venison jerky
Jerky meets whisky in this addictive snack.. Plamen Petkov

This big-tasting jerky gets its inspiration (and kick) from a staple of many deer camps: Scotch whisky. The peaty, malty flavors of Scotch make a potent addition to a traditional marinade of soy (for salt) and brown sugar and maple syrup (for sweet). We like to dry this jerky in a smoker, to add some woodsmoke tang, but drying it in a low oven—or a ­dehydrator, if you’re so equipped—works just as nicely, especially if you dash in the optional liquid smoke. As with all jerky, stop drying it when it feels ­almost-​but-​not-​quite done; it’ll firm up as it cools.


About 2 lb. venison roast
3⁄4 cup Scotch whisky
1⁄2 cup soy sauce
1⁄4 cup brown sugar
2 Tbsp. maple syrup
1 Tbsp. Worcestershire sauce
1 Tbsp. coarsely ground black pepper
1 tsp. liquid smoke (optional)


1. Trim any fat, silverskin, and bones from the roast. Wrap the meat in freezer paper or foil and put it in the freezer for about an hour, until it’s firm but not frozen. This makes for much easier slicing.

2. In the meantime, make the marinade by combining the rest of the ingredients in a large bowl and whisking to dissolve the sugar. (If you’re smoking the jerky, leave out the liquid smoke.)

3. Carve the roast into very thin slices, aiming for about 1⁄8 inch thick. The only thing that really matters is making them uniform, so they’ll all dry at the same rate. Cut with the grain for jerky with some traditional cowboy chew, or against the grain for a softer bite. (Or to please everyone, do some of both.) Add the venison strips to the marinade as you slice.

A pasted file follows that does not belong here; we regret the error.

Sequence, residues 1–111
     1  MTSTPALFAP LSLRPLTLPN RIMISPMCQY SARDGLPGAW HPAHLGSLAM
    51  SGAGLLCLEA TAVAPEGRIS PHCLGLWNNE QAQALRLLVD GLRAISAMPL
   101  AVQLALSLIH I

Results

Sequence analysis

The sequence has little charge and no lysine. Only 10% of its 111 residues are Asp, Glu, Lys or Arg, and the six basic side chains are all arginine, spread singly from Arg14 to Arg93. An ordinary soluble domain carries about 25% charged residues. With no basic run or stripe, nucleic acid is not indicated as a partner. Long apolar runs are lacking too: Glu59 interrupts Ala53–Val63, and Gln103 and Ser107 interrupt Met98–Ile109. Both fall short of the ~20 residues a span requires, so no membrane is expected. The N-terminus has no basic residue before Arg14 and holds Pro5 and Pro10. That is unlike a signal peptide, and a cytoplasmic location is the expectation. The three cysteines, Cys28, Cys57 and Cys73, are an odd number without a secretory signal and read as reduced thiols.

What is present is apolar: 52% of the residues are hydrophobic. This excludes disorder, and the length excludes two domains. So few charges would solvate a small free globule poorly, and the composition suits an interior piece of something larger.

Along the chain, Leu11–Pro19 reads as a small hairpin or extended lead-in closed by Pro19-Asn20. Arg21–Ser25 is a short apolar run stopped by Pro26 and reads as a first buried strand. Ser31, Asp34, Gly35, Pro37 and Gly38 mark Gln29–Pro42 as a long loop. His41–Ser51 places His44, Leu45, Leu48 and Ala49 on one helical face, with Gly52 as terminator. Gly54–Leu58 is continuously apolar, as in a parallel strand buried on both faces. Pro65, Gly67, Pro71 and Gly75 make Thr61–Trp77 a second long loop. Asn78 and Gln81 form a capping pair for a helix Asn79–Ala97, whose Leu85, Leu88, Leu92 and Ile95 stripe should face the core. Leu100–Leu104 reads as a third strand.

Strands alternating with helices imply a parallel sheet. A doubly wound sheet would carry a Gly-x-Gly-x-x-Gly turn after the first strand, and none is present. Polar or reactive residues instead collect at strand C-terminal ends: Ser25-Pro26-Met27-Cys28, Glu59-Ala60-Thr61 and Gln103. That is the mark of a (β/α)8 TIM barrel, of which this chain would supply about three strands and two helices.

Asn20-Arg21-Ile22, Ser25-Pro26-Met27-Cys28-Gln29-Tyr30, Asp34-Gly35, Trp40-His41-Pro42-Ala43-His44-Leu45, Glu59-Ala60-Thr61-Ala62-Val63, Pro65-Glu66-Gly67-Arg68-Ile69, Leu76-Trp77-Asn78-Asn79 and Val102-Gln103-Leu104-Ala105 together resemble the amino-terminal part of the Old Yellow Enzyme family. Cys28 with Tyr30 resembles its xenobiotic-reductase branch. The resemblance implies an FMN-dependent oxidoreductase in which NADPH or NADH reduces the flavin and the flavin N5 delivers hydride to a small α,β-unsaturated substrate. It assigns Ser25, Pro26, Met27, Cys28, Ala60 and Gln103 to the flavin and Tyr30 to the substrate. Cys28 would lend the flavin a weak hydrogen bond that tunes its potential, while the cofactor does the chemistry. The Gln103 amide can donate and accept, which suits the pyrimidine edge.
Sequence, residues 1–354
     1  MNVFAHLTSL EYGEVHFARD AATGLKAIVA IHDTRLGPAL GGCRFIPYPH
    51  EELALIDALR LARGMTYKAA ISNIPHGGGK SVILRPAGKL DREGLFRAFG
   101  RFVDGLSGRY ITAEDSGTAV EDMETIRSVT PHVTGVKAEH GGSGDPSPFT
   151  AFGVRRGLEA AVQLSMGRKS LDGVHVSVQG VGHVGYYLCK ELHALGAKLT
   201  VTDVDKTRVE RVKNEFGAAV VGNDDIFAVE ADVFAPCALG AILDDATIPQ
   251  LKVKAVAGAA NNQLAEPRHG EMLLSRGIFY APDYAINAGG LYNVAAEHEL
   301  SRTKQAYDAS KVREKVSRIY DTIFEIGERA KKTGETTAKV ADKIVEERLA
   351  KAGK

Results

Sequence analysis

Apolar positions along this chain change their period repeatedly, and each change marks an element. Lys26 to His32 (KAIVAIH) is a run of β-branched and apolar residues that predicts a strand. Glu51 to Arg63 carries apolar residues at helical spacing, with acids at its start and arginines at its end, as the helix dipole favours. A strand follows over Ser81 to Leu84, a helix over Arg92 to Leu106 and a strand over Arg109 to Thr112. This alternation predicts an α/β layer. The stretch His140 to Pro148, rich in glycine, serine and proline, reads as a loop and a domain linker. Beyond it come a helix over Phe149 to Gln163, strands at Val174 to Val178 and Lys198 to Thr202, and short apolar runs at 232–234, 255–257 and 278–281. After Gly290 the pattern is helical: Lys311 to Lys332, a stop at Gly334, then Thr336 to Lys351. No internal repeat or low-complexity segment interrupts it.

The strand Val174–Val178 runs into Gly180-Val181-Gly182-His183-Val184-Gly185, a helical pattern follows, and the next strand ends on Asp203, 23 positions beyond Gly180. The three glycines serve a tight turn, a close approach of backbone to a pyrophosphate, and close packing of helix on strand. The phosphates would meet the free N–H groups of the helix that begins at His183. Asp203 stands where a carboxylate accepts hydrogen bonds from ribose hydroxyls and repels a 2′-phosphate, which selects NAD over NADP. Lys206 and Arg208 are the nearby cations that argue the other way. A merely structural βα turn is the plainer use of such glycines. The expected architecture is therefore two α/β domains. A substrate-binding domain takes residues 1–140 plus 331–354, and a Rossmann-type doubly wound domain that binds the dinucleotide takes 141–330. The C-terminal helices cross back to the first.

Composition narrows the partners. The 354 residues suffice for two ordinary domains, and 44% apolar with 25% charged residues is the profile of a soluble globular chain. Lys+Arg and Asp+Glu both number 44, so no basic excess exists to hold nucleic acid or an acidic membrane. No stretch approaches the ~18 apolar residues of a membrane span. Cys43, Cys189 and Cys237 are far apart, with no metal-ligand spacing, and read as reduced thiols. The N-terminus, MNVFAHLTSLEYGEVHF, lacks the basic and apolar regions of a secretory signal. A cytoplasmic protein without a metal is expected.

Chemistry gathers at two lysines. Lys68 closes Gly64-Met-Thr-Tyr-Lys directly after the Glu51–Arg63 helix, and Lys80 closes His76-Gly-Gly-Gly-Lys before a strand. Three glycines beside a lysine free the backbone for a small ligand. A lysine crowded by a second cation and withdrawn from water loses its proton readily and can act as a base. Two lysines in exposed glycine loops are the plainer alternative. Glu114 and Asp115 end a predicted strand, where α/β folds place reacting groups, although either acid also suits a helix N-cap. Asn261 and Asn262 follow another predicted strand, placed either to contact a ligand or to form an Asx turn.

4. Stir the meat to ensure that it’s coated on all sides by the marinade. Cover with plastic wrap, and marinate for as long as you can, up to 48 hours—the longer, the better. Every now and then, give the meat a stir.

5. Lightly oil the racks you’ll be using to dry the meat—the wire racks of your smoker or oven—and place them over some foil to collect the drippings. Transfer the venison slices to the racks, leaving space between them, and let them drip-dry for about 30 minutes.

6. To smoke, set up your smoker according to the manufacturer’s instructions and preheat to 160 degrees. Add wood according to the instructions, and once it’s smoking, transfer the meat to the smoker. Smoking time will vary, based upon the thickness of the slices, but figure on 31⁄2 to 4 hours. Remove the jerky when it’s dried but still flexible—you want it to tear, not snap—and immediately transfer it to a heavy-duty zip-seal bag. (The steam will soften the meat.)

7. To use the oven, preheat it to its lowest setting (170 degrees is the sweet spot). Line the bottom with foil to catch any drippings. Transfer the wire rack to the oven. Wad up some aluminum foil to prop the oven door open a bit; this allows for air circulation and helps reduce the heat further to a low drying temp. Expect about 3 to 4 hours’ drying time (thicker slices will stretch that time further), but start checking the jerky after 2 hours. Remove the jerky when it’s dried but still flexible and transfer it at once to a heavy-duty zip-seal bag.

8. Refrigerate the jerky in an airtight container. It’s best eaten within a couple of weeks.